6. Consumer empowerment is all about patients feeling in charge of their health care. They want you, quite frankly, to do right by them. So, keep it simple, give them valuable and cost-effective options, and allow them to personalize their own care, which could entail choosing who to see, as well as when and where to see them.
  7. It’s been written that there are more mobile phones sold than babies being born. There’s no doubt mobile’s importance continues to make its way into the healthcare arena with mobile health apps, geo-targeting, access to electronic health records and online medical information, and things as simple as appointment reminders and confirmations. Don’t overlook mobile’s importance.

Start to adapt to the retailization of healthcare

Have you started to evolve your organization to adapt to the retailization of health care? We’d love to hear how you’re doing. Need help? We’d be glad to guide you.

There was a time in the not so distant past when buying a new car meant traipsing from dealer to dealer and haggling with salespeople who deftly concealed actual costs in order to boost their commissions.

Thanks to the Web, today’s customer arrives at a dealership armed with up-to-the-minute specifications and price information, having made a decision before leaving home — and today’s successful salesperson is a “product specialist” who may spend more time interacting with a potential customer electronically than in the showroom.

A similar phenomenon is rapidly gaining momentum in healthcare.

A 2013 Pew Research Center project revealed that 72% of Internet users had looked online for health information within the previous year, with the most commonly-researched topics being specific diseases, conditions, treatments, procedures, doctors and other healthcare professionals — and, among smartphone owners, 52% reported using their phones to look up health or medical information.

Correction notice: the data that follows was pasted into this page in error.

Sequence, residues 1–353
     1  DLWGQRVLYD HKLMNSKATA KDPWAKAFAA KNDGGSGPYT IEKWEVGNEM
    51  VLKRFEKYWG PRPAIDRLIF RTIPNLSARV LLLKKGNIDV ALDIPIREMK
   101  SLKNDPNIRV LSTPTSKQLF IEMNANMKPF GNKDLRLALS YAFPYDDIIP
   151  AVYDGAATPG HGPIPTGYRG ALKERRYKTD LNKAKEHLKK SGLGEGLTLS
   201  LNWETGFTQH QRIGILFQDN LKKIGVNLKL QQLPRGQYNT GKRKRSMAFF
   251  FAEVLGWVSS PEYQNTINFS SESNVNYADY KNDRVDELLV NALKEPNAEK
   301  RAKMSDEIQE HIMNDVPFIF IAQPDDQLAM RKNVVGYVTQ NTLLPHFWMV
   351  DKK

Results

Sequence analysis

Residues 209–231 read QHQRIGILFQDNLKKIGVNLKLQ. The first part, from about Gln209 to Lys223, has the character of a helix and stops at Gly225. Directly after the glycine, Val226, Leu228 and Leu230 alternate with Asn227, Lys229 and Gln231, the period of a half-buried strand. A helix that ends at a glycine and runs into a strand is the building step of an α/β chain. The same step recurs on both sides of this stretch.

Consumers are shopping around for healthcare

With the implementation of health reform, consumers have begun to shop around for health insurance plans, too, spurring insurers to design self-service products that are transparent and value-based for the individual-purchaser market.

The incredibly broad variation in healthcare pricing and quality from one area of the country to another has become common knowledge and led to some very innovative enterprises.


Cash PT Lunch Hour Interview December 9, 2015



Please make plans to join Aaron Lebauer and I on December 9th, 2015.  Aaron will interview me on his Cash PT Lunch Hour about how to take your practice idea and turn it into a profitable cash practice in 60 days. So if you are in the exploration stage of starting your own practice then you don’t want to miss this interview.




Get Your Own Copy of On Fire


As therapists we have tremendous opportunity to use our abilites, education and expertise to enhance client’s lives. What a privilege? If your are in the therapy business to serve people, then my new book On Fire: Ignite Your Passion with a Cash Therapy Practice might help you. The healthcare industry has undergone so many changes lately and many therapists are overwhelmed, overworked and confused on where to turn to for help in the battle.

On Fire takes a close look at innovative therapists who are using alternative ways to deliver high-value care to their patients. Cash therapy services have emerged as a viable alternative to accepting business as usual.

If you are intrigued by the attention that cash-based practices are attracting On Fire is a great primer to help you get up to speed on the key issues and how if might impact your practice. The book is available on Amazon. If you are interested in getting your own copy join my email list and I’ll keep you up to date on the special pre-order bonuses I’m giving away.